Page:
SAWYER: We had seen a plane coming in from the other direction earlier. I had noticed it. Had you, Charlie? I didn't know if that plane had been circled wide and came back from another direction, but we all watched it, and I just assumed ...

(Replay of videotape shown)

GIBSON: Ah, this is terrifying--awful.

SAWYER: We watch powerless. It's a horror.

I sat there stunned. I didn't need a news anchor, political expert, or social historian to tell me the world had changed. I remembered President Kennedy's assassination. I had witnessed Lee Harvey Oswald being shot on live black and white TV. I had seen Challenger explode on that bright blue morning. These were culture altering moments that deeply imbedded themselves into our personal and national psyche. But this was bigger, more awful and history-changing. I sat there stunned.

When my ride arrived to take me to Houston, the three of us visited and decided to go on with our trip. Somewhere in our hearts we knew that our mission to share the good news of Jesus in the Russian language was somehow connected with the healing of this event and that we needed to go on with our plans. We called ahead and the people would be waiting — they too wanted to keep our scheduled meeting.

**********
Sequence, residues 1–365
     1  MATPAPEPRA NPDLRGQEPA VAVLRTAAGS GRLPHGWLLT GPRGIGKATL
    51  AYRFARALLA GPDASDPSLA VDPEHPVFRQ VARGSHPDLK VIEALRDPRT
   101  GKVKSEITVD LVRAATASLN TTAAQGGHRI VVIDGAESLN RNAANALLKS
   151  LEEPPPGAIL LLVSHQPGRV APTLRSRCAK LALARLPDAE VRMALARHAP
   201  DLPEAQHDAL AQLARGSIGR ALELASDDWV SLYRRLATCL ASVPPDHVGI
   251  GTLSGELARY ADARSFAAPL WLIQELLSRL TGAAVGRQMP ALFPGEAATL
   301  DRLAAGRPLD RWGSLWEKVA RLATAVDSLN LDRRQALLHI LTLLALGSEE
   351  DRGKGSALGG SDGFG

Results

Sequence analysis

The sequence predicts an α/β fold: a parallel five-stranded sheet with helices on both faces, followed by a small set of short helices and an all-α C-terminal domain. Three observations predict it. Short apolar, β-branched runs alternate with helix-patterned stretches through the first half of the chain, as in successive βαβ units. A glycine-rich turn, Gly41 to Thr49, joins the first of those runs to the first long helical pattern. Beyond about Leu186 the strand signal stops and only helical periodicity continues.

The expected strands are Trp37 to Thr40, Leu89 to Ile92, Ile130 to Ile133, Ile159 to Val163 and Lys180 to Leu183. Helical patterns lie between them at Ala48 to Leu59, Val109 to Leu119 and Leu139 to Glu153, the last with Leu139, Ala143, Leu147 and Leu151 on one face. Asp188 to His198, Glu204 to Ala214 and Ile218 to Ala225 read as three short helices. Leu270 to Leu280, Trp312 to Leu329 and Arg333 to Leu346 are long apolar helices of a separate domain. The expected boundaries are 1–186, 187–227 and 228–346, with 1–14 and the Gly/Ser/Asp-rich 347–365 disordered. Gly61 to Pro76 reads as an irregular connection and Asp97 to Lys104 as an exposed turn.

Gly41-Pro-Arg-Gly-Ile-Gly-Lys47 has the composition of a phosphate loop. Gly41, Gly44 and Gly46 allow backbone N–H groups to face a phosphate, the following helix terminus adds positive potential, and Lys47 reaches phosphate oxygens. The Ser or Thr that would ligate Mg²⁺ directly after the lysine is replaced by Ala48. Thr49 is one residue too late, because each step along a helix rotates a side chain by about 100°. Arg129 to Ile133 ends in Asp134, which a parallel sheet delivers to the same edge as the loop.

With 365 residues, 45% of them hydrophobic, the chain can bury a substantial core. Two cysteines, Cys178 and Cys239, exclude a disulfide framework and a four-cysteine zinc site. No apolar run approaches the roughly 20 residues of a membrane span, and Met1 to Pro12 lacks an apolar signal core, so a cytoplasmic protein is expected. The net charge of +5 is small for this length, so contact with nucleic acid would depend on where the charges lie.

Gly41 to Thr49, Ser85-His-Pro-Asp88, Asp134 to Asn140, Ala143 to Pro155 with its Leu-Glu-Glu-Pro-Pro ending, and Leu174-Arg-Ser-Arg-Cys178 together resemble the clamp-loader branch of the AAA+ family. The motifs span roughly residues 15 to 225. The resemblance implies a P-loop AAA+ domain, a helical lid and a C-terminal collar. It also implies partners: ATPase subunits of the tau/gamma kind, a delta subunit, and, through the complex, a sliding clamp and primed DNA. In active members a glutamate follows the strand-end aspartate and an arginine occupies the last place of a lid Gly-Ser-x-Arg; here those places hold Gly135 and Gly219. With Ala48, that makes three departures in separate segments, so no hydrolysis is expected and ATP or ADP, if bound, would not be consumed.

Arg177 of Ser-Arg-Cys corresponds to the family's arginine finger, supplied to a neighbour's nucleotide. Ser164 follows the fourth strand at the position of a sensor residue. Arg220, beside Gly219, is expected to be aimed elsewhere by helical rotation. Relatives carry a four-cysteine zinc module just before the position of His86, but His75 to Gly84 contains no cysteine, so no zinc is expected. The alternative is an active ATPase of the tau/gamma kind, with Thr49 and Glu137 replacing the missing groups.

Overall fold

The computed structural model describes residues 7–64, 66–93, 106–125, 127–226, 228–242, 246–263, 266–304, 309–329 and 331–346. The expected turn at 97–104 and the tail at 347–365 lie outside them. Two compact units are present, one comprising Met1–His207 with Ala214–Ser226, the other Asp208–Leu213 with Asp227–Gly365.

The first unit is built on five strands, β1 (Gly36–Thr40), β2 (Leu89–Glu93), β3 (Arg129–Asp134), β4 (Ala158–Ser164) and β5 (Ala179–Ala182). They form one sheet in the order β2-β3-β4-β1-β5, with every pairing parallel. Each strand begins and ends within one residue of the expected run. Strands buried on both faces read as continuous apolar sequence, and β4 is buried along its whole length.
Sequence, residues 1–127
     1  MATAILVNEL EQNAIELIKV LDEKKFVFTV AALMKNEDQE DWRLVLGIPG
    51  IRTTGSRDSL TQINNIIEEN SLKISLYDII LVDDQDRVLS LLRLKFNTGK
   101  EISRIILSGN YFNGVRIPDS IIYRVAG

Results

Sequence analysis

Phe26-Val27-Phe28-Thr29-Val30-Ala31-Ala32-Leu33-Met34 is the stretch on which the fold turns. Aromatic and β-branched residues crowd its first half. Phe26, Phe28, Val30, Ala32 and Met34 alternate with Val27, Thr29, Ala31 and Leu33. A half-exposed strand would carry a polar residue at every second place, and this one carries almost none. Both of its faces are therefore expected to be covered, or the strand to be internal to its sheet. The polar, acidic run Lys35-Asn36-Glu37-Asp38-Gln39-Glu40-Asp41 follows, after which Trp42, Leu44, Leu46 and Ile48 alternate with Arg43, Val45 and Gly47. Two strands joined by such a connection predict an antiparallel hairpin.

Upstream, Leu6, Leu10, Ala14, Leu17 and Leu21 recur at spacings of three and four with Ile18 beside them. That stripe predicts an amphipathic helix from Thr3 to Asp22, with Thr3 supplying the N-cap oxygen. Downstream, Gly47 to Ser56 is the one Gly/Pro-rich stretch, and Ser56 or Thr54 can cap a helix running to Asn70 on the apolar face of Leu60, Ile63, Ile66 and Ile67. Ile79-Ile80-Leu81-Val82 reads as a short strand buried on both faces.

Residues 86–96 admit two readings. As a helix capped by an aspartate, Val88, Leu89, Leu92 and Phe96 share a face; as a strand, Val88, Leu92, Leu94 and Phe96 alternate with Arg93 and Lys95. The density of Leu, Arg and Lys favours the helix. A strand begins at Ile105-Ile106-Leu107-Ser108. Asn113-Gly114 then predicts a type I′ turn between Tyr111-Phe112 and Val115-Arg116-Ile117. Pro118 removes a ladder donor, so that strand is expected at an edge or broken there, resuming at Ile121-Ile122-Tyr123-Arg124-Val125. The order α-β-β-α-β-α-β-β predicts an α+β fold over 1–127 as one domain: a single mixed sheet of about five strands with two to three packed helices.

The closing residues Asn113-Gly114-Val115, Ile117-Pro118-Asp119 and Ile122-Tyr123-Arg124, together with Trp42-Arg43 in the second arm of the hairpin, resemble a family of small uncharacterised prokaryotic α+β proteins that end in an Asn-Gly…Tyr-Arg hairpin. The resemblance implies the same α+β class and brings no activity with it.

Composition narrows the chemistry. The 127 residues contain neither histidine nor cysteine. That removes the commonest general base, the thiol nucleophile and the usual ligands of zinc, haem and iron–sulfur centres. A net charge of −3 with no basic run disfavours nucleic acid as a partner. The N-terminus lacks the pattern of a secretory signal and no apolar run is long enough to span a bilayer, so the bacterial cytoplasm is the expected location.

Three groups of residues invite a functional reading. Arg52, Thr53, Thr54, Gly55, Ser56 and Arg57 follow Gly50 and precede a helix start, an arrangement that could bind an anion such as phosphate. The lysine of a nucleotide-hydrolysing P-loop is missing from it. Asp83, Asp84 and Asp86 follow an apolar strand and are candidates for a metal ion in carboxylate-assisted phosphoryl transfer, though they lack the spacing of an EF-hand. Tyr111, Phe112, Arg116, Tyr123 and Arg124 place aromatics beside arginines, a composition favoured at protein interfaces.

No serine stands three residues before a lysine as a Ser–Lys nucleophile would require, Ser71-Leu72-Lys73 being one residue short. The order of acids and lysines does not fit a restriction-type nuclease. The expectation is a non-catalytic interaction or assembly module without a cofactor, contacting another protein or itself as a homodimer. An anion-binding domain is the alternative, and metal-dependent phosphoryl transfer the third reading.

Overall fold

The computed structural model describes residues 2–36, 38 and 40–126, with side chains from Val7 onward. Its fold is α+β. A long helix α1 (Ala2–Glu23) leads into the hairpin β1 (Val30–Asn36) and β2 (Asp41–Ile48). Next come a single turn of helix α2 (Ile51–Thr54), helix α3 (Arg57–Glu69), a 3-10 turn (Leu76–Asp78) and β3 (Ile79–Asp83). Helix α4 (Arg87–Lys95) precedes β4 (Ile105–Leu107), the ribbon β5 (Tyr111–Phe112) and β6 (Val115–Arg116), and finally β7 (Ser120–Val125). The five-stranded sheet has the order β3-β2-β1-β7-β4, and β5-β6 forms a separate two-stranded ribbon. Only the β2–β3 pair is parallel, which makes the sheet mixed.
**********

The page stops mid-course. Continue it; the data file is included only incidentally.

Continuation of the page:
Just after we had left, one of our Heartlight team called with the sound of fear in his voice and said, "Phil, I just got a call from a good friend in the Pentagon. They've been hit, too. It won't be released to the press for a few more minutes, but they don't know what is happening or where it is coming from and they are asking us to pray for guidance and help." Sure enough, in about ten minutes, the radio reported that there were unconfirmed reports that the Pentagon had been hit.